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The best thing to do is to concentrate on something else.

I've known in the sentence like that 'to' should be omitted. So, I wonder if the sentence is grammatical.

*The source of the information was some English test prep book. According to it, in case the subjective involves "do" and the verb is "be", the complement should be "infinitive" without 'to'.

Well, now I guess it doesn't need to omit 'to', though.

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What is the source of your information? Why did you consider credible? Always try to cite a reference. –  Kris Feb 3 '13 at 10:23
    
Welcome to EL&U. Off topic (proofreading request). Please recast as a general question. Thanks. –  MετάEd Feb 3 '13 at 14:18
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There are two complementizer to's in your sentence. The first one (the one introducing the relative infinitive to do is not dispensible; it is required to mark the relative infinitive. The second one (the one introducing the infinitive to concentrate) is dispensible, since NP complementizers are normally only required when they begin the sentence; they're optional elsewhere. –  John Lawler Feb 3 '13 at 17:42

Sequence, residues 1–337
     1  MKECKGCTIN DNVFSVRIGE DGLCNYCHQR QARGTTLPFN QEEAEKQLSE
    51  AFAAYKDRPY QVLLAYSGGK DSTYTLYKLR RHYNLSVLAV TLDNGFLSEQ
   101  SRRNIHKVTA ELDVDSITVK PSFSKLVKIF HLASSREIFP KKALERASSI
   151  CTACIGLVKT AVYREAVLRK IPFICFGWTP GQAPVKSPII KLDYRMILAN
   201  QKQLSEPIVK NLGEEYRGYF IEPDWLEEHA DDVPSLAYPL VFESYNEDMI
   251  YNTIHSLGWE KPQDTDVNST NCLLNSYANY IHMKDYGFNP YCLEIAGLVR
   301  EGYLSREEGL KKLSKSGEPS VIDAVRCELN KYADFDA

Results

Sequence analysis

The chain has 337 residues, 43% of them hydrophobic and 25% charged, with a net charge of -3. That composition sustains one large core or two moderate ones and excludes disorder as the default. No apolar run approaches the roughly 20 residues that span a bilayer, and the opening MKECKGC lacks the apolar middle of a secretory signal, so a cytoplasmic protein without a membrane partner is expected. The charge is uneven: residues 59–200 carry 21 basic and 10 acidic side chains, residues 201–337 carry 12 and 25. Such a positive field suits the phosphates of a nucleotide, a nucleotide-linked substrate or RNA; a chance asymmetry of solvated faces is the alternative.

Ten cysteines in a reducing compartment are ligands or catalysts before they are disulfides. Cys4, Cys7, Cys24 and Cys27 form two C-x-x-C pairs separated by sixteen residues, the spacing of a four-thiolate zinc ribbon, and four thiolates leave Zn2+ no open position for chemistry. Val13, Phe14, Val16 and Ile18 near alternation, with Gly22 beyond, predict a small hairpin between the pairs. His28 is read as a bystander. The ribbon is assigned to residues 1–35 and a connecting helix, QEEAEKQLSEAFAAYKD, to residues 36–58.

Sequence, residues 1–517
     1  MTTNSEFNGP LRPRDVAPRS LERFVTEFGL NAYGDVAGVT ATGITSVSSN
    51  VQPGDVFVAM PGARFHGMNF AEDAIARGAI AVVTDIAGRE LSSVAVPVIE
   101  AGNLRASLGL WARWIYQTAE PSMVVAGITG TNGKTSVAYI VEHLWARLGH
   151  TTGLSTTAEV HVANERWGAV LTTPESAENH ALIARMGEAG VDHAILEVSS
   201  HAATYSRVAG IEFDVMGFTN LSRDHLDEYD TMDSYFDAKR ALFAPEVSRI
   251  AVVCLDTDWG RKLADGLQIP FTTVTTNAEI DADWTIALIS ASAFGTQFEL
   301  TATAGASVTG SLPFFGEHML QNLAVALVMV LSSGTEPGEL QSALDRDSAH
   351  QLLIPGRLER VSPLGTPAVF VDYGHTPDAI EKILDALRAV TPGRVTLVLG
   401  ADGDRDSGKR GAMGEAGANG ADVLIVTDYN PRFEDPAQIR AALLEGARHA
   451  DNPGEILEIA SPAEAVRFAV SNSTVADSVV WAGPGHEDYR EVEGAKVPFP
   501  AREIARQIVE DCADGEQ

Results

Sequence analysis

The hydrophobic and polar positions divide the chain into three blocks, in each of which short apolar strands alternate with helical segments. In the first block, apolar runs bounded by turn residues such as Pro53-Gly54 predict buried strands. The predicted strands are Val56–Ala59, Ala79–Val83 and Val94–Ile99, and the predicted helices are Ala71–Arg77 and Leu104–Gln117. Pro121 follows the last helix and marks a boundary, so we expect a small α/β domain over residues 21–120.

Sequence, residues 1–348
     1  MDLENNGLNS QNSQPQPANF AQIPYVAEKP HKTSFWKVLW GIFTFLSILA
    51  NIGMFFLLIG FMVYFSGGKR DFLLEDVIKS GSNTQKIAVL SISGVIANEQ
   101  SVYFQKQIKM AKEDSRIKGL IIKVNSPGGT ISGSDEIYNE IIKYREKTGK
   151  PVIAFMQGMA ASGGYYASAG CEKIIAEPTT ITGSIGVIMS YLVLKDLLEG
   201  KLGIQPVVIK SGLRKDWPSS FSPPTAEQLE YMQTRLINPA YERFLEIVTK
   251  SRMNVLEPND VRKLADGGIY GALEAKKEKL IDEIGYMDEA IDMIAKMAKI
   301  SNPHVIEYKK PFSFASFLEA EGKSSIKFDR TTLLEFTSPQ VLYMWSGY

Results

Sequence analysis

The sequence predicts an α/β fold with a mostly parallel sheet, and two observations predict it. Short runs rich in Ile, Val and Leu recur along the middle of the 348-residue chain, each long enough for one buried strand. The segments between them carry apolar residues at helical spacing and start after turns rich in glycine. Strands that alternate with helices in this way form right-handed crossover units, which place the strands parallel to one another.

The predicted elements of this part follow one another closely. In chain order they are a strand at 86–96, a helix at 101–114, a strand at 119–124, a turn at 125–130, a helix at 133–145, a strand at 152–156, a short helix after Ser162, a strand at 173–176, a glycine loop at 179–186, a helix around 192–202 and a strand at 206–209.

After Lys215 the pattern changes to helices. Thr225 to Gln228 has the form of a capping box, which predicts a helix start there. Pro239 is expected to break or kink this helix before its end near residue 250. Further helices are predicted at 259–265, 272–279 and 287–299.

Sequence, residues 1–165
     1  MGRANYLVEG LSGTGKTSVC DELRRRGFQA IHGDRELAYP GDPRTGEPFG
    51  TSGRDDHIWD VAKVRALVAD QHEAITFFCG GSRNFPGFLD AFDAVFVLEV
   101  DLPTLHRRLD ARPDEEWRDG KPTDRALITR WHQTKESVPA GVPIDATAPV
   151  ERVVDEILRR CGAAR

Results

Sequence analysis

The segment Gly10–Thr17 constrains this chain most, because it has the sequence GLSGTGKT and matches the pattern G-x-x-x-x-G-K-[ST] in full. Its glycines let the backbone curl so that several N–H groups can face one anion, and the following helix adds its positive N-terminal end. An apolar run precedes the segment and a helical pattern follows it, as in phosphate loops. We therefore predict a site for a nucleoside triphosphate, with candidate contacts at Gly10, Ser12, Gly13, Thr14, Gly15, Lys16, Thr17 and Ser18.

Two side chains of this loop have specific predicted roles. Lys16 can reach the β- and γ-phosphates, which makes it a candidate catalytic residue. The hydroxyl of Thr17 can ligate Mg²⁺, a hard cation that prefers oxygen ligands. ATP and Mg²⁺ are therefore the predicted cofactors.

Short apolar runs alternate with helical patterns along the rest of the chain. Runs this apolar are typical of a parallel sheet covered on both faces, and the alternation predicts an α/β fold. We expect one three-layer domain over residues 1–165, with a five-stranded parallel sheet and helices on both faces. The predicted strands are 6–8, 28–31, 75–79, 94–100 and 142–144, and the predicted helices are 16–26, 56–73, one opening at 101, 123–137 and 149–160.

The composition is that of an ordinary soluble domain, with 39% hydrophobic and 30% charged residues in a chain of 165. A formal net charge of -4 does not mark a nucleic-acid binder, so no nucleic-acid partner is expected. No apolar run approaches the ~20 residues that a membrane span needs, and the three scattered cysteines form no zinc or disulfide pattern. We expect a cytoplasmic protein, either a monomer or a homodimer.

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2 Answers

It can be omitted, but there is no should about it.

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If we are to follow usual conventions of English grammar, the preposition "to" should not be omitted. The reason is as following ...

  1. He has {to go to school}.

    He has {going to school as a necessity}.

    He has {necessity of going to school}.

    i.e., He has {complex noun}.

  2. His responsibility is {to go to school}.

    His responsibility is {going to school}.

    i.e., His responsibility is {complex noun}.

By complex noun, I meant either

  • a simple noun with or without adjectival modifiers
    His responsibility is {a new school).
  • prepositional phrase
    His responsibility is {of the school)
  • relative wh-clause (what, who, where, etc
    His responsibility is {which girl he likes}
  • infinitive phrase
    His responsibility is {to go to school}
  • present-participle/gerund phrase
    His responsibility is {going to school)
  • coupled predicate
    His responsibility is {that going to school is enjoyable)
  • modified complex noun
    His responsibility is {largely that of going to school is enjoyable)

Therefore, saying

The best thing to do is {concentrate on something}

is akin to saying

His responsibility is {go to school}

which is a poorly written sentence because {go to school} does not fit as a complex noun phrase. It is a verb-phrase.

If you wish to drop the preposition, you would need to turn it into a gerund phrase

The best thing to do is {concentrating on something}

The phenomenon of dropping the preposition of an infinitive phrase is a misjudgment practiced by iphone/android-texting kids, and often overlooked by their grammatical guardians when the verb in the infinitive phrase is longer than two syllables.

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